Depth afield
Depth afield
Why are photographs of the Western landscape so essential to our lives?
Small poultry farmers grapple with lack of slaughterhouses
Small poultry farmers grapple with lack of slaughterhouses
There just aren't enough slaughterhouses for small poultry farms in Oregon and other Western states.
 Utah’s Sagebrush Rebellion capital mellows as animal-lovers and enviros move in
Utah’s Sagebrush Rebellion capital mellows as animal-lovers and enviros move in
Kane County, Utah, heart of the Sagebrush Rebellion and an off-road vehicle paradise, is also home to a growing number of environmentalists, hikers and animal lovers.
A poet whom readers won't let go
A poet whom readers won't let go
The late Northwestern poet William Stafford has friends and admirers all over the world today.
My walkabout with Michael
My walkabout with Michael
Author Pat Toomay shadows iconic Western photographer Michael Berman on a trip through the Gila Wilderness.
Real hunters get the lead out
Real hunters get the lead out
Lead bullets are harmful to hunters as well as to the environment.
Foraging for fungi in the Pacific Northwest
Foraging for fungi in the Pacific Northwest
A banner year for mushrooms raises questions about the science behind fungi and the impacts of wild harvesting.
Ronald Reagan: The accidental environmentalist
Ronald Reagan: The accidental environmentalist
Former president's poor economic record had environmental benefits.
I hope you're not suffering from nyctophobia
I hope you're not suffering from nyctophobia
How we can help our neighbors who suffer from an irrational fear of the dark.
A long journey home
A long journey home
The Winnemem Wintu Tribe wants to return salmon to California's McCloud River by bringing back the fish’s descendents, now in New Zealand.
Teaching Whitney to cook
Teaching Whitney to cook
An environmental educator discovers a rewarding way to help the planet -- teaching a young woman how to cook.
Forecasting 2011
Forecasting 2011
Columnist Ed Quillen peers into his crystal ball to see what's in store for the West next year.
Sportsmen protest New Mexico antelope hunting system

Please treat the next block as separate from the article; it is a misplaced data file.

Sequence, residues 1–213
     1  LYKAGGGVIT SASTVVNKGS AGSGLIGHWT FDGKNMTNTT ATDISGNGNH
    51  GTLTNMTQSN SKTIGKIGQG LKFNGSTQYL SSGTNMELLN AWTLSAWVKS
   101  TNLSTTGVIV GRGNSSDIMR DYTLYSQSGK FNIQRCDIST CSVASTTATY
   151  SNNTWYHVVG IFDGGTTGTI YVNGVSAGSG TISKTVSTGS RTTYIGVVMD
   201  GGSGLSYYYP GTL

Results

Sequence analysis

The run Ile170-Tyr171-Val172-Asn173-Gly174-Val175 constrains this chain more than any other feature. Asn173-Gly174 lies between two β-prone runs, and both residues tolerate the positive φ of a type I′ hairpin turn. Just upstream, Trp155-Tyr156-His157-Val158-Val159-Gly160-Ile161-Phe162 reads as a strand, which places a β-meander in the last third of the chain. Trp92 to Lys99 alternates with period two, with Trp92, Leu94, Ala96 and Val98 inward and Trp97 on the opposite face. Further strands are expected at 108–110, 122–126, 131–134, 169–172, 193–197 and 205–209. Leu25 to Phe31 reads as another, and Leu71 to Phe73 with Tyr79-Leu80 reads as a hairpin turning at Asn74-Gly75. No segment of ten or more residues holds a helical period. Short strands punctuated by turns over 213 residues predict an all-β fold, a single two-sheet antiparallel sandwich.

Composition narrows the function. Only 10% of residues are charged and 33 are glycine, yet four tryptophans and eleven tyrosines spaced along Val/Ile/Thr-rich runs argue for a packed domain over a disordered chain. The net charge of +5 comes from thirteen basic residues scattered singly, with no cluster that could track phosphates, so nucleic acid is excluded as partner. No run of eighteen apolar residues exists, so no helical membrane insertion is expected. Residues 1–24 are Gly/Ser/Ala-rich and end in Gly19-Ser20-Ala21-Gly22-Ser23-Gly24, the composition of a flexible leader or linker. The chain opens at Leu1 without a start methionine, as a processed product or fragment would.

Sportsmen protest New Mexico antelope hunting system
New Mexico's system for doling out licenses to hunt pronghorn gets a poor grade from the state’s hunters.
Coyotes move into Colorado’s Front Range
Coyotes move into Colorado’s Front Range
Urban communities on Colorado's Front Range are trying to cope with an influx of coyotes.
Activist brings diversity to green orgs
Activist brings diversity to green orgs
Marcelo Bonta's Center for Diversity & the Environment works to bring people of color into the environmental movement.
The BLM's conservation experiment
The BLM's conservation experiment
Interior Secretary Ken Salazar tells the BLM to get serious about managing the National Landscape Conservation System.
California’s Tangled Water Politics
California’s Tangled Water Politics
Will there ever be enough water in California's Bay Delta to satisfy farmers, keep fish alive and quench the thirst of millions of people?
Ocelots in Arizona?
Ocelots in Arizona?
The first confirmed ocelot sighting in Arizona in 50 years spurs an update of a federal recovery plan.
Oil and Water Don't Mix with California Agriculture
Oil and Water Don't Mix with California Agriculture
In Kern County, Calif., the oil industry shares land and water with fruit-growers and farmers -- not always comfortably.
Farming's Toxic Legacy
Farming's Toxic Legacy
Long-banned pesticides linger in the soils of neighborhoods built on former agricultural land in central Washington.
Debating Preservation in the Southwest's Spanish Missions
Debating Preservation in the Southwest's Spanish Missions
Archaeologists debate how best to preserve Arizona's crumbling missions – and sometimes ask if it’s time to let them die.
The supposedly protected Wyoming Range faces new energy development
The supposedly protected Wyoming Range faces new energy development
Roughnecks and hunters are fighting plans to drill for natural gas in the Hoback-Noble Basin of the Wyoming Range.
Western Climate Initiative moves forward, smaller than imagined
Western Climate Initiative moves forward, smaller than imagined
Cap and trade is dead in Washington, D.C., but a few states are hoping to limit emissions through the Western Climate Initiative.
Housing keeps getting tighter all the time
Housing keeps getting tighter all the time
In many Western tourist towns, locals can't afford to buy houses, even as trailers and other affordable dwellings are evicted or banned outright.
A divine business
A divine business
In Bozeman, Mont., 78-year-old Vern Bandy says he finds water using the legendary art of dowsing.